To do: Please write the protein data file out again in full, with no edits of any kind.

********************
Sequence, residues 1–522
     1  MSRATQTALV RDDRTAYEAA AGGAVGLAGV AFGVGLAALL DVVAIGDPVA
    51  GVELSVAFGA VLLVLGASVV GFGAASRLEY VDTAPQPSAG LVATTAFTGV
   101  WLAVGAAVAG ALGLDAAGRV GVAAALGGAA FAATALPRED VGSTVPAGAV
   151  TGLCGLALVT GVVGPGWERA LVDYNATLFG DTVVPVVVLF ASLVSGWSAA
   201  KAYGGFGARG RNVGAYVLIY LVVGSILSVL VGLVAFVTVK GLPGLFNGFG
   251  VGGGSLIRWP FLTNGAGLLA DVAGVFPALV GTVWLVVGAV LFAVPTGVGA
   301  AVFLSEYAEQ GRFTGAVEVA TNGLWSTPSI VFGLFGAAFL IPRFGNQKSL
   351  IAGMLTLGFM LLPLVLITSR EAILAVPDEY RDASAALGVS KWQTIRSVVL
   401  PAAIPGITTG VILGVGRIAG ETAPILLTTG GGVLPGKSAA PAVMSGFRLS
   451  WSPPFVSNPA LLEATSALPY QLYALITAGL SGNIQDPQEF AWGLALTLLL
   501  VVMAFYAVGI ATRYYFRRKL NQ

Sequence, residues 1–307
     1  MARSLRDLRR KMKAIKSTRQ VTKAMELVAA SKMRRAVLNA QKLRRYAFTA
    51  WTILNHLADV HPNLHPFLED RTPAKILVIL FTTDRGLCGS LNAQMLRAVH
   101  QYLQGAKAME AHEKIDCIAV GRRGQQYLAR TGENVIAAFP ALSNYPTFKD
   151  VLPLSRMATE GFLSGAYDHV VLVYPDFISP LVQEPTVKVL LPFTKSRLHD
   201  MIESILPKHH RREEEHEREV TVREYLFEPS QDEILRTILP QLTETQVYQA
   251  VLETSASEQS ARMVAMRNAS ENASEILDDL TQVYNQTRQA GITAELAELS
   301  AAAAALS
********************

Sequence, residues 1–522
     1  MSRATQTALV RDDRTAYEAA AGGAVGLAGV AFGVGLAALL DVVAIGDPVA
    51  GVELSVAFGA VLLVLGASVV GFGAASRLEY VDTAPQPSAG LVATTAFTGV
   101  WLAVGAAVAG ALGLDAAGRV GVAAALGGAA FAATALPRED VGSTVPAGAV
   151  TGLCGLALVT GVVGPGWERA LVDYNATLFG DTVVPVVVLF ASLVSGWSAA
   201  KAYGGFGARG RNVGAYVLIY LVVGSILSVL VGLVAFVTVK GLPGLFNGFG
   251  VGGGSLIRWP FLTNGAGLLA DVAGVFPALV GTVWLVVGAV LFAVPTGVGA
   301  AVFLSEYAEQ GRFTGAVEVA TNGLWSTPSI VFGLFGAAFL IPRFGNQKSL
   351  IAGMLTLGFM LLPLVLITSR EAILAVPDEY RDASAALGVS KWQTIRSVVL
   401  PAAIPGITTG VILGVGRIAG ETAPILLTTG GGVLPGKSAA PAVMSGFRLS
   451  WSPPFVSNPA LLEATSALPY QLYALITAGL SGNIQDPQEF AWGLALTLLL
   501  VVMAFYAVGI ATRYYFRRKL NQ

Sequence, residues 1–307
     1  MARSLRDLRR KMKAIKSTRQ VTKAMELVAA SKMRRAVLNA QKLRRYAFTA
    51  WTILNHLADV HPNLHPFLED RTPAKILVIL FTTDRGLCGS LNAQMLRAVH
   101  QYLQGAKAME AHEKIDCIAV GRRGQQYLAR TGENVIAAFP ALSNYPTFKD
   151  VLPLSRMATE GFLSGAYDHV VLVYPDFISP LVQEPTVKVL LPFTKSRLHD
   201  MIESILPKHH RREEEHEREV TVREYLFEPS QDEILRTILP QLTETQVYQA
   251  VLETSASEQS ARMVAMRNAS ENASEILDDL TQVYNQTRQA GITAELAELS
   301  AAAAALS